Today in anticipation of Chertsey's cloths being fitted tomorrow, Jim made the notches in the gunnels, above which the rings for the topcloths sit. These notches seem to serve two puroposes; to make it possible to catch a ring with a hook whilst standing on the top plank, and (this is something I thought of myself) to thread the end of a string through one-handed. On some boats, the rings sit down inside larger scallops, but this seemed to me to be less useful, so rightly or wrongly, I've gone for a notch that, hopefully, the ring will sit flat above, stapled to the gunnel and flush with or just behind its edge.
Jim cut the notches with an angle grinder, amidst much smoke and smouldering oak. There are 28 of them. In total, there are going to be eighteen top strings, four at 13" intervals on the cratch, and the remainder at 3' intervals. This concurs with the drawing I have, which is admittedly for a butty, but apart from the longer hold I don't know why it would be different, which specifies 3' intervals and 15" on the cratch (we were a few inches short once we got to the front, hence Chertsey's being 13" here). It also fits what I have been told by other people (some have said that they can, and should, be even less - 28"). But the mysterious thing is that when you look at old photos of GU motor boats, they only seem to have 13 top strings aft of the cratch, suggesting a wider spacing. There are fewer notches than strings because those at the front, where the gunnels widen and curve in, are set further in and not on the edge.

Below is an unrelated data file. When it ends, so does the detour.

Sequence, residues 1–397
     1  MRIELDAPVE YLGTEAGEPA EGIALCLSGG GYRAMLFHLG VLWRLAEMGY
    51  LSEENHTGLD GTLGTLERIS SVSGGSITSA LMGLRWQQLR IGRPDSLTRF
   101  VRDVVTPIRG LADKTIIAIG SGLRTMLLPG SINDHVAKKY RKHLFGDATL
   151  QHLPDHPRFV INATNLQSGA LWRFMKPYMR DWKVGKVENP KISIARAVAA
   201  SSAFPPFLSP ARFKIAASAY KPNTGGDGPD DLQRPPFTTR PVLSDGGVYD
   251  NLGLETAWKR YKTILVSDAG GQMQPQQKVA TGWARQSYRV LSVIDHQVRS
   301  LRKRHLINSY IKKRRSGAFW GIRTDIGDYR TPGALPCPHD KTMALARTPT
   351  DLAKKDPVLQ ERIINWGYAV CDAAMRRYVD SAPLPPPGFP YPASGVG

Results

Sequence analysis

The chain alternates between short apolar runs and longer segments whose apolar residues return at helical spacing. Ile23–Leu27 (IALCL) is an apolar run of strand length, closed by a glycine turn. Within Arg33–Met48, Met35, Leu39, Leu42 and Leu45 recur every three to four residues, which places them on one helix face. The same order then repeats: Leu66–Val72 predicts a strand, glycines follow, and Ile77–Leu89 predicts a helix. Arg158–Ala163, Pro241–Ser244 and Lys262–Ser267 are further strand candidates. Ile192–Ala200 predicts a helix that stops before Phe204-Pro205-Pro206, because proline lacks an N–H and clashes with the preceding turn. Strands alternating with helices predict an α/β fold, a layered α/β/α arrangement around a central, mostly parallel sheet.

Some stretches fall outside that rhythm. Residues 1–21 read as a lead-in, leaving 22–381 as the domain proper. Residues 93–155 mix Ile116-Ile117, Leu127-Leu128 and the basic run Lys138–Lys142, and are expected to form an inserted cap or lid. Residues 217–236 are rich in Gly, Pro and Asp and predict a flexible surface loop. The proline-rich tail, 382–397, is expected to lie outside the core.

We drove ourselves mad finishing before the light went (Jim had to go to Screwfix for a new grinder as his old one had broken ages ago), and finally, having got some bitumen on the cut wood, retired indoors to practice our splicing, only to get a message from Pete to say that he can't come tomorrow after all. So it will be Thursday now before Chertsey finally gets smartened up.